My Actions, My Responsibility, And My Mistake

Joe Kinder, writing on his blog about an incident that took place recently near Tahoe:

To make a long story short, I was recently informed that I had done something wrong last month while establishing new routes at an underground crag in the Tahoe region of California. I cut down two trees. Not just any trees, either. Junipers.

I’d like to try to address and speak about the specifics of my actions, but in doing so, I want to make no mistake that this was a regrettable error on my part. I am deeply apologetic about what I did. I was wrong. I F’d up. And I’m very sorry. Now, I’m using my blog, my voice and my position in the climbing community to bring awareness to an important issue of route development in order to prevent people who may be as ignorant as I once was from doing this in the future.

There’s no doubt that this was a bad mistake, and Kinder should have known better1.  He only compounded his problems when he tried to hide from the situation by deleting any evidence from social media and denying what happened according to this story on the Adventure Journal.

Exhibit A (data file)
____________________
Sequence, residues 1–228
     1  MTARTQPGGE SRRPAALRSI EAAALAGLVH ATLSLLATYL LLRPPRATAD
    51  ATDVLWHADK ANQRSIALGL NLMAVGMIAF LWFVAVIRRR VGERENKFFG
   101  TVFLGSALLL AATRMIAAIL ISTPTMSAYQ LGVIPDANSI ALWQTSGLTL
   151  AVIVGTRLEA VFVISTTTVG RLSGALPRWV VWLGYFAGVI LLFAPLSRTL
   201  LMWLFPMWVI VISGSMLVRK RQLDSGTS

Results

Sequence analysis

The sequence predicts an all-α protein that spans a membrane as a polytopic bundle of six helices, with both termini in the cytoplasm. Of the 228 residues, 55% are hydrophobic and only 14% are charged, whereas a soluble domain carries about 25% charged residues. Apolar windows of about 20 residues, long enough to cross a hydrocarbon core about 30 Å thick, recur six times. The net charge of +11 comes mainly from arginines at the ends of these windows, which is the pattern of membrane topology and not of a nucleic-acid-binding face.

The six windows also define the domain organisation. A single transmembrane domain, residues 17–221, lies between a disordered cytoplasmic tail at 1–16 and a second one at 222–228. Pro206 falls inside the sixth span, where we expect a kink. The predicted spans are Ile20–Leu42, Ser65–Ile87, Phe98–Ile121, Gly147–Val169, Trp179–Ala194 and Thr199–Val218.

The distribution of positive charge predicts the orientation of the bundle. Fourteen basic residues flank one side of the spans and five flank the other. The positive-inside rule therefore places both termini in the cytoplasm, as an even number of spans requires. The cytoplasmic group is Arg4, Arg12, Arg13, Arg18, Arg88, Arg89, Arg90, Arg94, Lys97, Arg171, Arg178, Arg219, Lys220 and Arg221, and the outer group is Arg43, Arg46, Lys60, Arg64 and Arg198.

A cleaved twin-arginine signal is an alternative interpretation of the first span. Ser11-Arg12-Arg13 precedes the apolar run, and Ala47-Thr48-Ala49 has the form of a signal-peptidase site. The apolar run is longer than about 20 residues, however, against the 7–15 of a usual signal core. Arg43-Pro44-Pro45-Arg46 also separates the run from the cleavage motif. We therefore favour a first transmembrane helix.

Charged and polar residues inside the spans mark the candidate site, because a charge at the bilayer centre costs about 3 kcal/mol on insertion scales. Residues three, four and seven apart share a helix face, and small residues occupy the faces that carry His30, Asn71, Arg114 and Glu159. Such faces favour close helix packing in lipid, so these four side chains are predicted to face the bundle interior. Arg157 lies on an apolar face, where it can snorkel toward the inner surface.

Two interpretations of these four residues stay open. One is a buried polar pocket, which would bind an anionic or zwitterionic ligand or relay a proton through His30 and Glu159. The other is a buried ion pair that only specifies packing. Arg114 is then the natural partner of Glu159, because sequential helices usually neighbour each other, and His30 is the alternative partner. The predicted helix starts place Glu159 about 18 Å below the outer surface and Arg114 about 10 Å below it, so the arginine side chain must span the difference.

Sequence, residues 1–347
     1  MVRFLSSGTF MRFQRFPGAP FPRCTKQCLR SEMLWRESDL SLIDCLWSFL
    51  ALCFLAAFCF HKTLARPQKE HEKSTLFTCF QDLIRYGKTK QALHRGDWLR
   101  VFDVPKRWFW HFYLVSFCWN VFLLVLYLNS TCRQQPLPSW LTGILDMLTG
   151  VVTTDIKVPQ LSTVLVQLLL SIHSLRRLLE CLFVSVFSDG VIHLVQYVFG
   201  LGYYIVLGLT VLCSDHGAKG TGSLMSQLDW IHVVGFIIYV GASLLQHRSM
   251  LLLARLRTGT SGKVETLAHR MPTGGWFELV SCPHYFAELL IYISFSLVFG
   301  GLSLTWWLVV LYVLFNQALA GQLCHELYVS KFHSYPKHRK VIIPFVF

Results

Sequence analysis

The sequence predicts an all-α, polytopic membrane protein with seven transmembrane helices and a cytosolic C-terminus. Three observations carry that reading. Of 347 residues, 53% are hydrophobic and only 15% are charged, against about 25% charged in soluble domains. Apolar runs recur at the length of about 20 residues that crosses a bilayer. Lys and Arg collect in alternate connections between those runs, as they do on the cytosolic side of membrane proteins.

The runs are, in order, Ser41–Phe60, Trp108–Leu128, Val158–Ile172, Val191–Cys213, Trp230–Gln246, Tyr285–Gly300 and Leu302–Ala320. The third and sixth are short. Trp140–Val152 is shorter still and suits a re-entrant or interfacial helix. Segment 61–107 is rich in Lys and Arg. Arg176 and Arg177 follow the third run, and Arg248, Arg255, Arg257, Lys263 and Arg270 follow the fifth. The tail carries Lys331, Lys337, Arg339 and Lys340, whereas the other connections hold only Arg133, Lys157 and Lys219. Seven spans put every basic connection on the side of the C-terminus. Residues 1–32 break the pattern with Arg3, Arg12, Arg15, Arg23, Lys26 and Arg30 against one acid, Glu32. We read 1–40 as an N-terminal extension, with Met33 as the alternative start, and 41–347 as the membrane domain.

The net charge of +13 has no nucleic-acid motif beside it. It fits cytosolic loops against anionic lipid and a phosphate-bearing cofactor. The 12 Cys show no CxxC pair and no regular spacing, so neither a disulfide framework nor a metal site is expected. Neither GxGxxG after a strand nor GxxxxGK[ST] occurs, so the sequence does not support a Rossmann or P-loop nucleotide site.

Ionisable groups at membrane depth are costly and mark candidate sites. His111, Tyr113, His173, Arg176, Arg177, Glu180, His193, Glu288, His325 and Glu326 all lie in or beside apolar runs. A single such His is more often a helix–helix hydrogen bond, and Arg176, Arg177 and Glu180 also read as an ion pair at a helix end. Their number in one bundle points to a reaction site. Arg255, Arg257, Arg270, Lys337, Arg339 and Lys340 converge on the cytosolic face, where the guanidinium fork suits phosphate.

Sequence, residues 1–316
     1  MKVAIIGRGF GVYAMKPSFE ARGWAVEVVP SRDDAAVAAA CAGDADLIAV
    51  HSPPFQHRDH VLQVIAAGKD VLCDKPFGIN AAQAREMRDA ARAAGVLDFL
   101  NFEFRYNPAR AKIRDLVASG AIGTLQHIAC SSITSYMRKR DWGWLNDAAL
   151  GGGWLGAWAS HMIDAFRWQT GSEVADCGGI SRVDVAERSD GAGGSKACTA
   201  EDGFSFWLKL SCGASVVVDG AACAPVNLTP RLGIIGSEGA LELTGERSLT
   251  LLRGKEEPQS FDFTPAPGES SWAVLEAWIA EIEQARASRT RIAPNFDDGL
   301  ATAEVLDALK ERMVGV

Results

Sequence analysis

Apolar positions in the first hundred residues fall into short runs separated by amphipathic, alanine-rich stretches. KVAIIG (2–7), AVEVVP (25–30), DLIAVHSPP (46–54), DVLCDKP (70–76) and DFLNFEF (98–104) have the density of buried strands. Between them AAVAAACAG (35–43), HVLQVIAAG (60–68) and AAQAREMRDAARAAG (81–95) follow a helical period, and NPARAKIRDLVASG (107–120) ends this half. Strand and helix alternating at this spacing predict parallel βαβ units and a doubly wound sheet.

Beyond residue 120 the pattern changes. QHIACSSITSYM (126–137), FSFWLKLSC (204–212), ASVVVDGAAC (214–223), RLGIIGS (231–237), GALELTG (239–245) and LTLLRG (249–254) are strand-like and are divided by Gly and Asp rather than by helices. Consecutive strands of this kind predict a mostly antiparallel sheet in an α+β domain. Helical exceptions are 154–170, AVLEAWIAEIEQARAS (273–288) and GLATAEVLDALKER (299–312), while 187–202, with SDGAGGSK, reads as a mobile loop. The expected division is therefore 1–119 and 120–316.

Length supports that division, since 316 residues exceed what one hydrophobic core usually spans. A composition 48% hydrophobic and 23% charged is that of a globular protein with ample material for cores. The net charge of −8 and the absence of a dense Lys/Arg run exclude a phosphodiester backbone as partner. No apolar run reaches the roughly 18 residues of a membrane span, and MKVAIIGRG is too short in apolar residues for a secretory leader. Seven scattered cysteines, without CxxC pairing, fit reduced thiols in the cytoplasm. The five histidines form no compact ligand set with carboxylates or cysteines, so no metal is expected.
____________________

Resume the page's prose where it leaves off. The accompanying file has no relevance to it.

Unfortunately, in today’s time there is the story about what actually happened and then there is the story about how people respond to what happened.  Kinder puts himself out there more than most climbers do which is usually to his benefit, but this has also put him in the position that many people are looking for the first reason to tear him down.  This nearly 500 post long SuperTopo thread got hundreds of posts deep before anyone even knew what they were really yelling about, and the armchair internet judgement from most post posters has been swift and resolute:  Joe Kinder is the worst person ever.  This sort of mob mentality is not unique to the climbing world by any stretch, but its seeming ubiquity in our society today doesn’t make it any more right or constructive.

At this point no amount of criticism or apologizing will change what happened, so in my mind what is most important is what can happen going forward.  Actions speak louder than words.  The ball is in Kinder’s court.

  1. Incidentally, this is not the first time he has issued a mea culpa for his actions as a route developer

Posted In: Access, Asides


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